Better And Better

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Monday, October 29, 2007

Traffic.

I come from a small town, originally. Actually, "town" is an over-statement; it was a place where a few hundred people lived, and had a couple of churches, a service station, a post office, a school, and a small grocery store. The big intersection was where a state highway intersected a Farm To Market road, and only the FM had stop signs. The biggest traffic snarl that we ever saw in my town as a kid was the 10 minutes preceding the late bell at the elementary/junior high school every morning, and the 10 minutes after school let out every afternoon. Trains would cause backups, but only until the caboose went by (when was the last time I saw a working caboose?).

We would occasionally head into Big City, where the traffic was legend. To hear folks talk about it, you would be bumper-to-bumper at 80 miles per hour for the first half of your trip, and stop-and-go (mostly stop) for the second half.

As I grew up and learned to drive, I took a special pride in my ability to drive in Big City traffic on my forays into the maw of post-industrial urbanized hell. I wasn't just some country bumpkin-- I could drive with the big boys. I never subscribed to the whole concept that "you have to drive like them, or you'll never get anywhere, and you'll get into an accident." I was told repeatedly that you had to hug the bumper of the car in front of you, or you would be cut off repeatedly. But that seems like a good way to cause a rear-end collision, so I've always held to the concept that we need a goodly following distance. Cut in in front of me, and I'll have to increase it for your rear bumper, too, I guess.

Following even just a little closely doesn't get you there faster-- it slows the whole process down. Attend me: If you have to tap your brakes the second that you see that you're beginning to close the distance with the car preceding you, then the cars behind you have to tap their brakes when they see your brake lights. It creates a chain reaction behind you that results in stop-and-go traffic. Literally, if everyone just left enough room to coast to a slower speed rather than hitting their brakes every time, we could mostly eliminate stop-and-go traffic. Yes, I would HAPPILY rather go 30mph on a highway than stop and go. Make that 20mph.

Then there are the minor fender benders. Usually they're caused by hugging someone's bumper and not being able to stop in time when they hit the brakes, but occasionally they're caused by bad passing. (More on lane changes in a minute-- I've got a bone to pick on signalling.) People have these little "meetings" in the middle lane of the interstate, and then get out and stand there looking at their crumpled bumpers. For half and hour! It's a minor fender-bender, people! NOT a fatality accident! Get your asses over to the shoulder of the road to exchange insurance. Guy in front: Wave to the guy in back, and point to the shoulder or to the next exit, and slowly pull off the road with the other guy. If he doesn't follow you, get on the cell and report his butt-- he's not getting far. The traffic law in Texas requires that you clear the road if possible. Do it, before you cause another accident. Please.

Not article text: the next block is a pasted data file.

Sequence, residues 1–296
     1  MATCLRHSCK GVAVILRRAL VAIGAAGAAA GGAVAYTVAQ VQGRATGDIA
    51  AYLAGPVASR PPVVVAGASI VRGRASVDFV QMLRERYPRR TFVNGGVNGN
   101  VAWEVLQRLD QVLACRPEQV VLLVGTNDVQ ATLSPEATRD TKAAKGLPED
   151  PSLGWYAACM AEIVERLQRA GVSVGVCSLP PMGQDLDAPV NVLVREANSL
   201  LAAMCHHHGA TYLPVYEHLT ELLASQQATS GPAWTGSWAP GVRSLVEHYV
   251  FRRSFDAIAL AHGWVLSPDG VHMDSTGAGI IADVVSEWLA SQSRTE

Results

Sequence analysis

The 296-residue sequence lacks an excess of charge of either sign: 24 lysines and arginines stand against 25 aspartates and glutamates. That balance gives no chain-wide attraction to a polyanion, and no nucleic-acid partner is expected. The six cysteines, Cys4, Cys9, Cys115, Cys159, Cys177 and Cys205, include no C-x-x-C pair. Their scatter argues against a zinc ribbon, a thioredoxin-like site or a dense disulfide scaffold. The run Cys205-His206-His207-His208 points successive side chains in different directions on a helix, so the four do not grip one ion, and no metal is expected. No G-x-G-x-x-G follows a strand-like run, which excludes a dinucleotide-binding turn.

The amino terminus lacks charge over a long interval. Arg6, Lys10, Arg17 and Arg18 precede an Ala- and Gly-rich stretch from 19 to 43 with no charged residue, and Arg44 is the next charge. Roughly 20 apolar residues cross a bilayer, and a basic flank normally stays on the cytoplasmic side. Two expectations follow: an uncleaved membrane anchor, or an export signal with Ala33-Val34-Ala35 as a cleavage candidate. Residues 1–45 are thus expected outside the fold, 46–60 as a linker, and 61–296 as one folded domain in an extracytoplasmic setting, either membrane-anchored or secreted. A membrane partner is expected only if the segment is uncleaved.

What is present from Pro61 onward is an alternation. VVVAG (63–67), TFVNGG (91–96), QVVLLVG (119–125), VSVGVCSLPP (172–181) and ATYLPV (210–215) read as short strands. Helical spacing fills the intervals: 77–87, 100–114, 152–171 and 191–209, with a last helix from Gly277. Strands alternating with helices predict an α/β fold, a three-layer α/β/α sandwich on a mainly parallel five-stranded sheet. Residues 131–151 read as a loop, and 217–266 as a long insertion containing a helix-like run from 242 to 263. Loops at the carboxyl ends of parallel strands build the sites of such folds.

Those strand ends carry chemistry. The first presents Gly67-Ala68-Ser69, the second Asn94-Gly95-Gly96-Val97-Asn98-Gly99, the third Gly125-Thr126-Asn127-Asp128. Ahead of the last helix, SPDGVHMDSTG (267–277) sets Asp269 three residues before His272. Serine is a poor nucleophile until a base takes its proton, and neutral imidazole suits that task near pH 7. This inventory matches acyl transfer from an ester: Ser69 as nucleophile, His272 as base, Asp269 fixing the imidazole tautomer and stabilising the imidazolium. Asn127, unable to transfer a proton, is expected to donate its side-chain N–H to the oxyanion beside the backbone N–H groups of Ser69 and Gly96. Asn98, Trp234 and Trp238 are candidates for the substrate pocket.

Then there's the folks that have to look at the accident. Look, if it's in your lane, or you have to drive around it, then by all means slow down for safety. But if it's not in your lane or worse, it's on the other side of the freeway across the divider, keep your attention to your own lane and keep moving, please. There are few things more irritating than being in stop-and-go traffic caused by gawkers looking at the wreck across the median. Oh, wait: I just thought of one: being in STOPPED traffic caused by the rear-end collisions caused by the gawkers looking at the traffic accident on the other side is more frustrating.

All of this may make me sound like I'm a really frustrated driver, given to fits of road rage. Actually, no. If somebody cuts me off and I can tell that they just didn't see me, I probably don't even honk my horn except to tell them that I'm there to avoid a collision. I'm human. They're human. I've sure screwed up like that before, and wanted a hole to climb into; I assume most of those people do, too. Chasing them down to yell at them really doesn't make me happy. Would it make anyone so?